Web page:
Yes and we'll just gloss over the fact that the world is full of creatures routinely eating other creatures. Why we think that as humans we should somehow 'rise above' that basic evolutionary, biological, nutritional urge and mess up the natural order of the food chain is beyond me, when we continue to acknowledge that many wild animals eat one another in order to live, right down from the mosquito sucking blood from mammals, to the fish eating mosquito lavae, to frogs eating flies, to birds eating caterpillars or fish or small mammals, to sharks eating seals, to lions eating antelopes, to apes eating monkeys and smaller apes, to humans eating a bacon sandwich. We are all just doing what we were designed to do. I think it's quite smug to think they we should all somehow be above that, on a moral level.

I can see several arguments for why vegetarianism might be a good thing, but 'for the good of my health' and 'it's morally wrong to take an animal's life' are two that just don't stack up for me.

nokidshere Tue 05-Mar-13 10:48:35

I cook for vegetarians and for meat eaters. Sometimes I am bored by all of it. Everyone gets into a routine of samey stuff regardless of how they eat.

Even my son, who is fussy, is bored of the restricted diet of his own choosing.

flatbread Tue 05-Mar-13 10:49:22

What is wrong with the two arguments, though Fellnell?

Both of these are my reasons for being a vegetarian.

I Personally think it is good for my health and body type. My body loves veggies (I crave veggies and nuts) and can't handle meat or dairy well.

Plus I don't want to eat flesh from another living being. I realise other animals and humans do it, but it is my moral choice.

aldiwhore Tue 05-Mar-13 10:49:23

fellnel well said, a very good post.

It is true that my son ate his most healthy diet during his first 3 years, he had a dairy and egg allergy and simply didn't like meat... I become obsessive about giving him a healthy diet and learned that being omnivores you can be healthy and get nutrients from a wide range of foods. I had to think outside my 'dairy and meat' box. What I have stuck with through the years, what I've taken away from that experience, is not that dairy and meat are BAD, but when I was concerned about allergens, we didn't eat any processed food at all. THAT is where the healthy diet was most successful. Though you probably would twist that to say it was the lack of meat, you wouldn't be correct.

I absolutely resepct your right to your views, and I haven't insulted you for your choices, so please don't insult me for mine. I choose to eat meat and dairy now, I have also never been healthier because of my experience of veganism the range of foods I eat is broader.

I'm perfectly happy to accept that many other people want to eat meat. I don't have a problem with it. My DH and DD eat meat, and I don't mind cooking it, in fact I quite like cooking meat (DH says I make the best roast chicken he's had, and I've never eaten it) I just choose not to eat it myself. I get a healthy, varied diet. I don't like the idea of eating flesh, so I don't.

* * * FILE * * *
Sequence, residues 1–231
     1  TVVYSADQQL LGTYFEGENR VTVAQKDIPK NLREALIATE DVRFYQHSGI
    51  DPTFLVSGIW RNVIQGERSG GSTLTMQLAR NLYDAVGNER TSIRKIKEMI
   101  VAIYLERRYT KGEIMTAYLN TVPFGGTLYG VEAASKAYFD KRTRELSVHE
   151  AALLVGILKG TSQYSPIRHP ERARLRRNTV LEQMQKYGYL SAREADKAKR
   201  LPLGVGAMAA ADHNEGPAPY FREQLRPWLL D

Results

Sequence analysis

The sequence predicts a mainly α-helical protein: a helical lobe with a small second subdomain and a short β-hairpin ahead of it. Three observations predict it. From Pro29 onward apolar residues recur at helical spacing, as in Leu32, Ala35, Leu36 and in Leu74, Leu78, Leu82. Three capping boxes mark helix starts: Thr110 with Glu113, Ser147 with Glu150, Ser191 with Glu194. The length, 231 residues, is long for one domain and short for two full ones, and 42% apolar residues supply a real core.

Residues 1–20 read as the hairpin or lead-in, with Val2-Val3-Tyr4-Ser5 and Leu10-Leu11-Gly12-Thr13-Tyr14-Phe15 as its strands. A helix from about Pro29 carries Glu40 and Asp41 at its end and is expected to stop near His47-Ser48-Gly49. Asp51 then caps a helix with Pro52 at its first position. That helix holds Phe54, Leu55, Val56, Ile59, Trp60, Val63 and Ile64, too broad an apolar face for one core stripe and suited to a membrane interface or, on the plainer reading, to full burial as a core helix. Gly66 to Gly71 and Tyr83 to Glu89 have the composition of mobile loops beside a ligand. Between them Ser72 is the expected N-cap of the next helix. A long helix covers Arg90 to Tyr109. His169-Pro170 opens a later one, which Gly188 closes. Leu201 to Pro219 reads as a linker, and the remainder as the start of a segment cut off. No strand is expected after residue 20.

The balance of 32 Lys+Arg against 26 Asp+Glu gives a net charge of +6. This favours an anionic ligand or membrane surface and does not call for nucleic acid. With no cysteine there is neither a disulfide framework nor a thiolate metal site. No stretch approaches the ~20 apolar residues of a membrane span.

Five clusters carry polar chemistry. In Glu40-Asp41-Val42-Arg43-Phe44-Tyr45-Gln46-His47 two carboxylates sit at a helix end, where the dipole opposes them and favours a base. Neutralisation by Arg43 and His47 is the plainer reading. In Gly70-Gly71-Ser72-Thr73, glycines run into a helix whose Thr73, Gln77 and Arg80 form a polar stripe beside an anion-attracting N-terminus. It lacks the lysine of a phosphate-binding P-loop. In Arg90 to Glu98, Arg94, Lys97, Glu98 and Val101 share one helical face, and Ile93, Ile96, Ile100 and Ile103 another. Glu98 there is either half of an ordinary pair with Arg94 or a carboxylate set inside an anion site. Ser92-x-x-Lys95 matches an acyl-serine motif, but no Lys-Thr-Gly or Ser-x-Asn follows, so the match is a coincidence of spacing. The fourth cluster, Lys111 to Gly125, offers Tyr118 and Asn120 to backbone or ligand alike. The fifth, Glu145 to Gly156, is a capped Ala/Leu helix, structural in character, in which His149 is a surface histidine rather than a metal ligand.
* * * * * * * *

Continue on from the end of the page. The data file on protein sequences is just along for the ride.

I don't see myself as sanctimonious and I've never had a go at anyone for choosing to eat meat, just as I don't wish anyone to have a go at me for not eating it. Many animals eat meat....many animals don't. We're lucky enough and have access to enough food, to make that choice ourselves.

samandi Tue 05-Mar-13 12:21:49

We were talking about food and so on, and my friend said that she could never be a vegetarian because "vegetarian food is boring."

Your friend is obviously rather boring herself, lacking imagination, a sense of experimentation and basic culinary skills.

whateveritakes Tue 05-Mar-13 14:03:58

City - I have heard all the pints about livestock and that is probably true if you are going to farm animals. Not sure what else you could "grow" on the Welsh hills except sheep though..

However you could live as a meat eater just by eating the animals available all year round. rabbits, pigeons, ducks etc. In fact I pretty much did.

Vegetarians would have a boring diet if you could only eat what we grew n the UK was my point. I can't imagine how big the green houses would have to be to do even the basics in the winter. Agreed we are very lucky to have as much choice as we do.

curryeater Tue 05-Mar-13 14:06:32

ScarletLady, you sound like a nice vegetarian ;)

Scholes34 Tue 05-Mar-13 15:04:29

Certainly vegetarian food is not boring. DS2 is vegetarian, so I find myself cooking two meals when we're not all eating a vegetarian meal. A chicken and leek pie for everyone else leads to a leek, spinach, pepper, nut and ricotta pasty for him, made with the trimmings of pastry from the chicken pie.

What is very boring from a vegetarian point of view is the lack of vegetarian options when dining out in a mixed group. DS2 hates beans. Goats cheese is also a no-no. A standard family friendly restaurant seems to offer a vast variety of meat-based dishes, with a very few, unimaginative vegetarian dishes. A bit more imagination on the part of the big chain restaurants would go a long way.

Pigsmummy Tue 05-Mar-13 15:16:30

Trying to find a pack of Fine Beans that haven't got more air miles than me is a challenge these days

"We're lucky enough and have access to enough food, to make that choice ourselves." - that is the essence of it really! We should let everybody make that choice.